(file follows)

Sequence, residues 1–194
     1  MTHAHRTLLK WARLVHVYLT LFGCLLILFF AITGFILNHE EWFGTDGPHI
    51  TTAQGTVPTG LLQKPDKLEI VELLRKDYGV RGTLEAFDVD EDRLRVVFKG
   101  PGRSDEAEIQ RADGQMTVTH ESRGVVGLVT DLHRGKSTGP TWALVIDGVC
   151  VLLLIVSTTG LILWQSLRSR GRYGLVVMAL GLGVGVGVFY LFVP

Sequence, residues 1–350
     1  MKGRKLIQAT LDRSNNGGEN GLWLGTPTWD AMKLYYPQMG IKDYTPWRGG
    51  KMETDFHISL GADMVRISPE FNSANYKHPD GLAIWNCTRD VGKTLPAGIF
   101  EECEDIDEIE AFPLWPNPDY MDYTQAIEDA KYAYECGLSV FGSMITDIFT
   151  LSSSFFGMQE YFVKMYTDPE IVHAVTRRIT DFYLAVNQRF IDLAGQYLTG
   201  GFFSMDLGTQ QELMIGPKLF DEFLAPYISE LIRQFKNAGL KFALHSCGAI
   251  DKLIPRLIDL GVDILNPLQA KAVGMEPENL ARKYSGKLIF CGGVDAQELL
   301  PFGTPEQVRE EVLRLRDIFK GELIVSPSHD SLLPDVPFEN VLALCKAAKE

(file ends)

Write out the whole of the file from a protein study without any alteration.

Sequence, residues 1–194
     1  MTHAHRTLLK WARLVHVYLT LFGCLLILFF AITGFILNHE EWFGTDGPHI
    51  TTAQGTVPTG LLQKPDKLEI VELLRKDYGV RGTLEAFDVD EDRLRVVFKG
   101  PGRSDEAEIQ RADGQMTVTH ESRGVVGLVT DLHRGKSTGP TWALVIDGVC
   151  VLLLIVSTTG LILWQSLRSR GRYGLVVMAL GLGVGVGVFY LFVP

Sequence, residues 1–350
     1  MKGRKLIQAT LDRSNNGGEN GLWLGTPTWD AMKLYYPQMG IKDYTPWRGG
    51  KMETDFHISL GADMVRISPE FNSANYKHPD GLAIWNCTRD VGKTLPAGIF
   101  EECEDIDEIE AFPLWPNPDY MDYTQAIEDA KYAYECGLSV FGSMITDIFT
   151  LSSSFFGMQE YFVKMYTDPE IVHAVTRRIT DFYLAVNQRF IDLAGQYLTG
   201  GFFSMDLGTQ QELMIGPKLF DEFLAPYISE LIRQFKNAGL KFALHSCGAI
   251  DKLIPRLIDL GVDILNPLQA KAVGMEPENL ARKYSGKLIF CGGVDAQELL
   301  PFGTPEQVRE EVLRLRDIFK GELIVSPSHD SLLPDVPFEN VLALCKAAKE